A faint strain from Uncle Jesse Lee’s harmonica invaded his thoughts. The coarse melody, fumbling across treetops and hay fields, resurrected memories of the old man playing blues at the Meetin’ Tree on Saturday evenings. Grandma called it the devil’s music. Having crowned himself a virtuoso years ago, he did really bad renditions of B. B. King, Bobby “Blue” Bland, and Johnny T. Walker. Of course he couldn’t sing—the community had confirmed that—but he thought he played well—which he didn’t—so on Saturday evenings, he sat at the Meetin’ Tree, singing loudly and playing his favorite blues tunes. Sometimes folks would stop by and listen for a spell, but most often he sat alone, playing with the same fervor either way. As children, we laughed at him, blowing a few bars, then singing a few, back and forth, until he got tired and went home. His foot kept time against the wooden church pew as his head bobbed with each downbeat. Occasionally, he’d close his eyes and melt into the music while others swayed and swooned, but that didn’t happen often. Usually, as people went about their lives, Uncle Jesse Lee sat at the tree, performing for the wind and leaves, mimicking blues masters and composing songs about his own troubled existence. TL was surprised Uncle Jesse Lee was there so early. In bygone years, he hadn’t arrived until evening, spending the bulk of his afternoon reading his Sunday school lesson and washing by hand his white formal church shirt. Yet he was supposed to be there. It was all part of the plan.
TL walked on. The damp shirt clung to his back while streams of living water trickled into his underwear. A ’79 El Camino sped past, creating a temporary whirlwind of hot, dry air. Consumed therein, TL wondered, again, why the hell he’d gotten off that bus. Truth was, he didn’t know. Or didn’t want to know. Momma would definitely ask, and his inability to answer might make him regret having stayed.
Where could he go? He couldn’t go home. Not yet. How would he explain his presence, an hour after folks thought he was gone forever? He considered that perhaps everything he’d done in the past ten years was in preparation for this moment. Maybe every hurt, every longing, every heartbreak, every degree was ultimately for this life. TL frowned at the clear, blue sky, hoping for a sign, but saw only a brown chicken hawk gliding above.
Suddenly, amidst that same blank sky, where the heat waves meshed with the heavens, he beheld a city floating midair. Fearing hallucination, he blinked several times, but the image remained. Shielding his brows with his hands, he squinted harder, trying to comprehend whatever it was he was seeing. The streets of this city were paved with gold, and the architecture resembled the buildings of ancient Rome. Twelve huge gates, each guarded by two uniformed elders on either side, marked the city’s entrance, and hovering slightly above each elder’s head were miniature angels, forty-eight in total, fluttering, like hummingbirds, without moving. A gigantic tower stood in the middle of the city with twin bells in the top, swaying in opposite directions and emitting soprano and alto tones to the melody of “Lily in the Valley.” TL had never seen anything so majestic. He would’ve cried if he hadn’t been overwhelmed. The more he blinked, the clearer he saw this city made of gold. There were no people or life of any kind that he could discern. Only buildings and flowers too perfect to be real. Then, slowly, like a whiff of smoke, the image faded and vanished into thin air.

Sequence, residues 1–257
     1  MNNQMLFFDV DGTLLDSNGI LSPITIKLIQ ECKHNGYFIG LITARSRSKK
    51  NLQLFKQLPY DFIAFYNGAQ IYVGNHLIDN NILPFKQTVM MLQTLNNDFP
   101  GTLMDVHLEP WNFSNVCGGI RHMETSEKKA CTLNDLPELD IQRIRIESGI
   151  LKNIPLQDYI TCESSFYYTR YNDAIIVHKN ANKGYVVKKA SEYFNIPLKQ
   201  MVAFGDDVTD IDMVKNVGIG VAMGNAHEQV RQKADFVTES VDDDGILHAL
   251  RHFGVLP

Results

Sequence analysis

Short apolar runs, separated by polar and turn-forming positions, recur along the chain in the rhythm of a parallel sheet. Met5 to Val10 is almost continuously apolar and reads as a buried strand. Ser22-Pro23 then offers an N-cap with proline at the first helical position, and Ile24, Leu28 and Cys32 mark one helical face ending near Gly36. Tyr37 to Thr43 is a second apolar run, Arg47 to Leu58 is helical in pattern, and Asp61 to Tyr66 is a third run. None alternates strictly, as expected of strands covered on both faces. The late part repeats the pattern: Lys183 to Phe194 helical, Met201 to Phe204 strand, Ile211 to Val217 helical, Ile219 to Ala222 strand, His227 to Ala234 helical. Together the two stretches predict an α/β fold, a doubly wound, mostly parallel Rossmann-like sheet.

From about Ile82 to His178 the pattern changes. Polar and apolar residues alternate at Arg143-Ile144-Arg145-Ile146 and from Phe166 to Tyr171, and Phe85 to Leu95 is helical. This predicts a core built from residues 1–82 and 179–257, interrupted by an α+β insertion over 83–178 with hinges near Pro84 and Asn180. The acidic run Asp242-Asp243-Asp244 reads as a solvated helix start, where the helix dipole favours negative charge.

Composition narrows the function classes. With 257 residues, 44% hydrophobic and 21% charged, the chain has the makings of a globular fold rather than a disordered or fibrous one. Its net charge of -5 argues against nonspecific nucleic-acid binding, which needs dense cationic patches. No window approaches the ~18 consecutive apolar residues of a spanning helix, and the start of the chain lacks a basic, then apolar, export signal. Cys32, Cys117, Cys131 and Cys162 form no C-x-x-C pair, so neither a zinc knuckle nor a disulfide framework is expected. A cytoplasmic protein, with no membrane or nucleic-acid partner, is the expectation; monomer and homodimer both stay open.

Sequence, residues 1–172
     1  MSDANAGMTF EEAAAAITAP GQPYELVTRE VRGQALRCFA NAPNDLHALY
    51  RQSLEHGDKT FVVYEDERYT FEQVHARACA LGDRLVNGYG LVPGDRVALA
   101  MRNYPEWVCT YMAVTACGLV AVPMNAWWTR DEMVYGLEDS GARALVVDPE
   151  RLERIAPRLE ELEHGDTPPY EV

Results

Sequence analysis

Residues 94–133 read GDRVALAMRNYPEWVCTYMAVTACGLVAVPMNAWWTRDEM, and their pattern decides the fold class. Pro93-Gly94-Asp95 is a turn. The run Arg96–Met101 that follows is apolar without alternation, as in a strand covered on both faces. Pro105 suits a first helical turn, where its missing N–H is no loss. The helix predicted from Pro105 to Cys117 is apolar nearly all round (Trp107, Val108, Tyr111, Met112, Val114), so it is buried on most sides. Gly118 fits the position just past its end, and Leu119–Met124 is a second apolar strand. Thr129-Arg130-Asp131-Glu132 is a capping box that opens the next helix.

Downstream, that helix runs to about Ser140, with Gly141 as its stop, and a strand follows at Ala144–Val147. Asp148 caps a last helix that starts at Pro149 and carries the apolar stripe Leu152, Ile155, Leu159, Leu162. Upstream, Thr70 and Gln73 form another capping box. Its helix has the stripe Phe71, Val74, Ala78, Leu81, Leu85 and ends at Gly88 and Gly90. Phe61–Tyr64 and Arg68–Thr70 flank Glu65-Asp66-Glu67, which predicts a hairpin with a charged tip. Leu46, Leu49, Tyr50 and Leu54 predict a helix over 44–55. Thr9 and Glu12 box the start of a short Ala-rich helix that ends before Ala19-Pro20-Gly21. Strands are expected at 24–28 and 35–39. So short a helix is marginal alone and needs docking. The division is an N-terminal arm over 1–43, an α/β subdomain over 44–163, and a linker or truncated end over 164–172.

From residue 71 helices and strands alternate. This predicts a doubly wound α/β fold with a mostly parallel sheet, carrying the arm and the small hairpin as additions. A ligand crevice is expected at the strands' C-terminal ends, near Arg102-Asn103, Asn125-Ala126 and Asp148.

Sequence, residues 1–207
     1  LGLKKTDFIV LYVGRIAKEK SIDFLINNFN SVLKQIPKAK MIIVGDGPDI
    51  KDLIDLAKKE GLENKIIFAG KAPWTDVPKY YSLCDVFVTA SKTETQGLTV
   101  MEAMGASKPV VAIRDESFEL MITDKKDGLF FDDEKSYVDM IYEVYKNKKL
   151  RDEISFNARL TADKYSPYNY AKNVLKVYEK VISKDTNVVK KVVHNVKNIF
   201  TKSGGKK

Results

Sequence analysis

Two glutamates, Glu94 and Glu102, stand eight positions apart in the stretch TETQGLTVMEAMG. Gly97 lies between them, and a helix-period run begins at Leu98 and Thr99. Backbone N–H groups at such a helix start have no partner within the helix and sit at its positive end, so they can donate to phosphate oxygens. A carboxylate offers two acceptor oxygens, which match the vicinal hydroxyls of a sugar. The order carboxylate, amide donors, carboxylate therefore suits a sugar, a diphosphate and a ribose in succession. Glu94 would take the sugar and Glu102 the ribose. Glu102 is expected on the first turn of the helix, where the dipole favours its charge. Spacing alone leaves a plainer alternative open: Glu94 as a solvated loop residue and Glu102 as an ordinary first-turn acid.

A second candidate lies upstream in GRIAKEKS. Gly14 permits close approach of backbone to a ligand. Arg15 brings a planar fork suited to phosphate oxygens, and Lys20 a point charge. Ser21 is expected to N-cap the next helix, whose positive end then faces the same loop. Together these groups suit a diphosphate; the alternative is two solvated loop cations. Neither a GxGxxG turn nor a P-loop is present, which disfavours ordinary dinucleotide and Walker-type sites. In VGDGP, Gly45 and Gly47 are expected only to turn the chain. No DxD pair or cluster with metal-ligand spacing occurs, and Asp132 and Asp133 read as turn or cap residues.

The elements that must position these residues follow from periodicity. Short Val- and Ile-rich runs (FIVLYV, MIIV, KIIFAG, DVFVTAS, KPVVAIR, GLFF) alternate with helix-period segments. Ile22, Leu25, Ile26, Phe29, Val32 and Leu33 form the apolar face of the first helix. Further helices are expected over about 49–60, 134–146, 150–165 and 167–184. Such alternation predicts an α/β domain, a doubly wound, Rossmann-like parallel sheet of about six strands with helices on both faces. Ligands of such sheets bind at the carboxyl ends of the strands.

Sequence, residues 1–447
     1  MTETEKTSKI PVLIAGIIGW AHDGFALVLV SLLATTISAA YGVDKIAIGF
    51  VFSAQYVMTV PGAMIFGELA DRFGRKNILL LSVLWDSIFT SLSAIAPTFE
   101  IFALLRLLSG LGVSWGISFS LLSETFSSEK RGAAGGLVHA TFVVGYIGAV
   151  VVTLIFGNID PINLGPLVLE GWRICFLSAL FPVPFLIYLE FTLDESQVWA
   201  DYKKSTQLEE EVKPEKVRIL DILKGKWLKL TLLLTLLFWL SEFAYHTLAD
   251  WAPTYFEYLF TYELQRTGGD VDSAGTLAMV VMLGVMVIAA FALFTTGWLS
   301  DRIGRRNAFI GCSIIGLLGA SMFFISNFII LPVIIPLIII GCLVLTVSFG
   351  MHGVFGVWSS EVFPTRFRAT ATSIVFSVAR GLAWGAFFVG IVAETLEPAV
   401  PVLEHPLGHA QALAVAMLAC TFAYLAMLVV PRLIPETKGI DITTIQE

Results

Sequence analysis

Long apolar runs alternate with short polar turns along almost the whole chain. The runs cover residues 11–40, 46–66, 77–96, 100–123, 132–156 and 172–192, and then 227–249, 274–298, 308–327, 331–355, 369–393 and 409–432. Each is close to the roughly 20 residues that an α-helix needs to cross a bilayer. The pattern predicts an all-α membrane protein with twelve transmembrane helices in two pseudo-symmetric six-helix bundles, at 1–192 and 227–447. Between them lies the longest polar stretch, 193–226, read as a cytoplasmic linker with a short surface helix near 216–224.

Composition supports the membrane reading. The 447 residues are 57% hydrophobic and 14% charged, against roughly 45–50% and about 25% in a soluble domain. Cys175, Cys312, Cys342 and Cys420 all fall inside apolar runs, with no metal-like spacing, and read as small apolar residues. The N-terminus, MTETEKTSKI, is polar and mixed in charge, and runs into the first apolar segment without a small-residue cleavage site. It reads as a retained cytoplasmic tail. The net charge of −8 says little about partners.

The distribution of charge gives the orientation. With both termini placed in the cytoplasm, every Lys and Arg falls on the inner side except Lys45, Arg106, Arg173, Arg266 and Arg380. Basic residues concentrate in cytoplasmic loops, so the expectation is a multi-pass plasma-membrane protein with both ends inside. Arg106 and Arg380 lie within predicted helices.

For a moment, TL stared into empty space, breathless. What the hell was that? Then, as he looked about in stark confusion, his breathing returned, sharp and labored, as if he’d run a marathon. Am I losing my mind? He blinked continually, like one recovering from a trance, searching desperately for clarity he couldn’t find. Nothing of the sort had ever happened to him before. He didn’t even believe in stuff like that! “Is God trying to tell me something?” he mumbled, glancing once more into the heavens. Already nervous about returning home, he thought the last thing he needed was yet another conundrum.
So, unable to glean meaning from the moment, he dismissed the vision as a psychological reaction to heat and hunger, and approached the Meetin’ Tree exhausted and frustrated. Uncle Jesse Lee stopped playing.
“What’s the matter wit’ you, boy?” He held the harmonica slightly away from his mouth. He had to be at least eighty now, having buried half his children and retired when TL was a small child. “I thought you left here today?”
“I did,” TL huffed, frowning from the glare of the sun. “At least I tried to. But I didn’t get very far.”
Uncle Jesse Lee nodded. “I understand. Sometimes it takes a man a while to figure thangs out. You’ll get it.”
TL stared across the distant field. “I’m okay. Just … confused, I guess.”
“Naw, you ain’t confused. That ain’t the look o’ confusion.” Tobacco juice splattered onto the dusty earth. “You might be wonderin’ ’bout somethin’, but you ain’t confused. I see it in yo’ eyes. That wild look. That’s not confusion.” Uncle Jesse Lee laughed.
“What’s so funny?”
“Life.” He blew a blues bar on the harmonica. “Been a long time since I seen a young man stumblin’ ’round so. Sorta reminds me o’ myself when I was yo’ age.”
“Yep. Had a wife and five or six kids, and didn’t know how I was gon’ feed ’em. It was the dead o’ winter.”
“That’s pretty rough.”
“Naw, it wasn’t pretty rough—it was rough as hell. Cold as the dickens. But we made it.”
In TL’s silence, Uncle Jesse Lee crooned, off-key,
Walkin’ ’round the world